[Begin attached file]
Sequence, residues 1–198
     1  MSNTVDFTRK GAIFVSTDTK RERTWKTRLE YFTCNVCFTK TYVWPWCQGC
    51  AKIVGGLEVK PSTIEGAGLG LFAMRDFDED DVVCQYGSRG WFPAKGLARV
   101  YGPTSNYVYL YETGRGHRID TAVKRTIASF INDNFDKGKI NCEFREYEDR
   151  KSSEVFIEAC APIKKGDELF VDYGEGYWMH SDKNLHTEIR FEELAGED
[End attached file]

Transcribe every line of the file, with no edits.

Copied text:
Sequence, residues 1–198
     1  MSNTVDFTRK GAIFVSTDTK RERTWKTRLE YFTCNVCFTK TYVWPWCQGC
    51  AKIVGGLEVK PSTIEGAGLG LFAMRDFDED DVVCQYGSRG WFPAKGLARV
   101  YGPTSNYVYL YETGRGHRID TAVKRTIASF INDNFDKGKI NCEFREYEDR
   151  KSSEVFIEAC APIKKGDELF VDYGEGYWMH SDKNLHTEIR FEELAGED